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For two hours, through that cold and gloomy audience, shrilled the Death-speech. In silence it began, in silence closed. The enemies of the orator were afraid to express resentment; they knew not yet the exact balance of power. His partisans were afraid to approve; they knew not whom of their own friends and relations the accusations were designed to single forth. "Take care!" whispered each to each; "it is thou whom he threatens." But silent though the audience, it was, at the first, wellnigh subdued. There was still about this terrible man the spell of an overmastering will. Always--though not what is called a great orator--resolute, and sovereign in the use of words; words seemed as things when uttered by one who with a nod moved the troops of Henriot, and influenced the judgment of Rene Dumas, grim President of the Tribunal. Lecointre of Versailles rose, and there was an anxious movement of attention; for Lecointre was one of the fiercest foes of the tyrant. What was the dismay of the Tallien faction; what the complacent smile of Couthon,--when Lecointre demanded only that the oration should be printed! All seemed paralyzed. At length Bourdon de l'Oise, whose name was doubly marked in the black list of the Dictator, stalked to the tribune, and moved the bold counter-resolution, that the speech should be referred to the two committees whom that very speech accused. Still no applause from the conspirators; they sat torpid as frozen men. The shrinking Barrere, ever on the prudent side, looked round before he rose. He rises, and sides with Lecointre! Then Couthon seized the occasion, and from his seat (a privilege permitted only to the paralytic philanthropist) (M. Thiers in his History, volume iv. page 79, makes a curious blunder: he says, "Couthon s'elance a la tribune.' (Couthon darted towards the tribune.) Poor Couthon! whose half body was dead, and who was always wheeled in his chair into the Convention, and spoke sitting.), and with his melodious voice sought to convert the crisis into a triumph.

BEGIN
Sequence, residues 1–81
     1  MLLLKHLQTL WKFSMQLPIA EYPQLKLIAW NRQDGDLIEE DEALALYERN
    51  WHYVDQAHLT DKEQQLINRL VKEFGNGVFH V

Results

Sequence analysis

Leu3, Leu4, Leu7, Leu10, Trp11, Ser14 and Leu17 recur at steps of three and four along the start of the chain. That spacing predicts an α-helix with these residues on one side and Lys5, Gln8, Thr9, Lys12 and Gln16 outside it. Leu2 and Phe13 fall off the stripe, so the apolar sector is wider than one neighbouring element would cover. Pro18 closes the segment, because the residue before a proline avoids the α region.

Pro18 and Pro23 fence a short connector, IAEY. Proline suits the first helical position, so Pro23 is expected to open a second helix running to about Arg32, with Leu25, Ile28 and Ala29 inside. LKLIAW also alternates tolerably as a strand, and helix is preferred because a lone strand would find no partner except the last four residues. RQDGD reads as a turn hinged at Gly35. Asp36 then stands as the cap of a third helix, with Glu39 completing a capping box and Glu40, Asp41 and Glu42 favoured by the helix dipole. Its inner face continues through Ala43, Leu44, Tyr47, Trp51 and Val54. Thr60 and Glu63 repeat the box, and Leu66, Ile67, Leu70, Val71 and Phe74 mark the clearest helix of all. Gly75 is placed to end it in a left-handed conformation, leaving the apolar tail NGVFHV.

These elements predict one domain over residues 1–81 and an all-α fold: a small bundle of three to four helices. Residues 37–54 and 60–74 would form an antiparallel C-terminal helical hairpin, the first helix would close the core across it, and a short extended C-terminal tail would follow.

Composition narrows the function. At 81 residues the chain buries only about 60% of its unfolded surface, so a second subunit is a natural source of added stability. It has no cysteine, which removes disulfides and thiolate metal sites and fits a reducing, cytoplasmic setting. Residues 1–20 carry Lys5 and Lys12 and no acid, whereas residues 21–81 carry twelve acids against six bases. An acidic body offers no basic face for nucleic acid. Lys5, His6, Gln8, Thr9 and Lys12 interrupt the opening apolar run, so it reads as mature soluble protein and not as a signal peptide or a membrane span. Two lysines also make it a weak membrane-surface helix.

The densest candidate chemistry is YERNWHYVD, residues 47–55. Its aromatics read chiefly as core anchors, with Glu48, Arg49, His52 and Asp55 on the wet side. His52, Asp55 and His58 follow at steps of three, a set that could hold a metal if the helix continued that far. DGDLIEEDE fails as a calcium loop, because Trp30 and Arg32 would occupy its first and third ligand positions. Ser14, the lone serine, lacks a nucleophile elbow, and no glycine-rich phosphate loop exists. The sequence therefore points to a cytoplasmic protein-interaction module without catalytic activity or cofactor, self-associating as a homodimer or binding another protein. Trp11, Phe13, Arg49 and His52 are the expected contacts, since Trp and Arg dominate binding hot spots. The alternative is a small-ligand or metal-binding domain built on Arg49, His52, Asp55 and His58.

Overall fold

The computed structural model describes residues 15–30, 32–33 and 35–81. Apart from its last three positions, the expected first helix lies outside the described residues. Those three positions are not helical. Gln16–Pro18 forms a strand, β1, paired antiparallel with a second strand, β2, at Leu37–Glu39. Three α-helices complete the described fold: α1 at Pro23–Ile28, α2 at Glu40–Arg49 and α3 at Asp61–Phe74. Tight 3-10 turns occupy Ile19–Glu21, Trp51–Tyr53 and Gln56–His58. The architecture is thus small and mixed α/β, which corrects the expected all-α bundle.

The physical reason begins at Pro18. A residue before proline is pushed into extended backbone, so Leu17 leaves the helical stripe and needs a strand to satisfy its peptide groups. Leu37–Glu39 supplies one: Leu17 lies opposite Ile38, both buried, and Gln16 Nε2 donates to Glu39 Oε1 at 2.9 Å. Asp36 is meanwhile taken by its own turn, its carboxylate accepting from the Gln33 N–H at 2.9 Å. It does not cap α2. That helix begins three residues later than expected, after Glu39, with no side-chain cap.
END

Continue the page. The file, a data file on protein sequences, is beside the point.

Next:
He demanded, not only that the harangue should be printed, but sent to all the communes and all the armies. It was necessary to soothe a wronged and ulcerated heart. Deputies, the most faithful, had been accused of shedding blood. "Ah! if HE had contributed to the death of one innocent man, he should immolate himself with grief." Beautiful tenderness!--and while he spoke, he fondled the spaniel in his bosom. Bravo, Couthon! Robespierre triumphs! The reign of Terror shall endure! The old submission settles dovelike back in the assembly! They vote the printing of the Death-speech, and its transmission to all the municipalities. From the benches of the Mountain, Tallien, alarmed, dismayed, impatient, and indignant, cast his gaze where sat the strangers admitted to hear the debates; and suddenly he met the eyes of the Unknown who had brought to him the letter from Teresa de Fontenai the preceding day. The eyes fascinated him as he gazed. In aftertimes he often said that their regard, fixed, earnest, half-reproachful, and yet cheering and triumphant, filled him with new life and courage. They spoke to his heart as the trumpet speaks to the war-horse. He moved from his seat; he whispered with his allies: the spirit he had drawn in was contagious; the men whom Robespierre especially had denounced, and who saw the sword over their heads, woke from their torpid trance. Vadier, Cambon, Billaud-Varennes, Panis, Amar, rose at once,--all at once demanded speech. Vadier is first heard, the rest succeed. It burst forth, the Mountain, with its fires and consuming lava; flood upon flood they rush, a legion of Ciceros upon the startled Catiline! Robespierre falters, hesitates,--would qualify, retract. They gather new courage from his new fears; they interrupt him; they drown his voice; they demand the reversal of the motion. Amar moves again that the speech be referred to the Committees, to the Committees,--to his enemies! Confusion and noise and clamour! Robespierre wraps himself in silent and superb disdain. Pale, defeated, but not yet destroyed, he stands,--a storm in the midst of storm!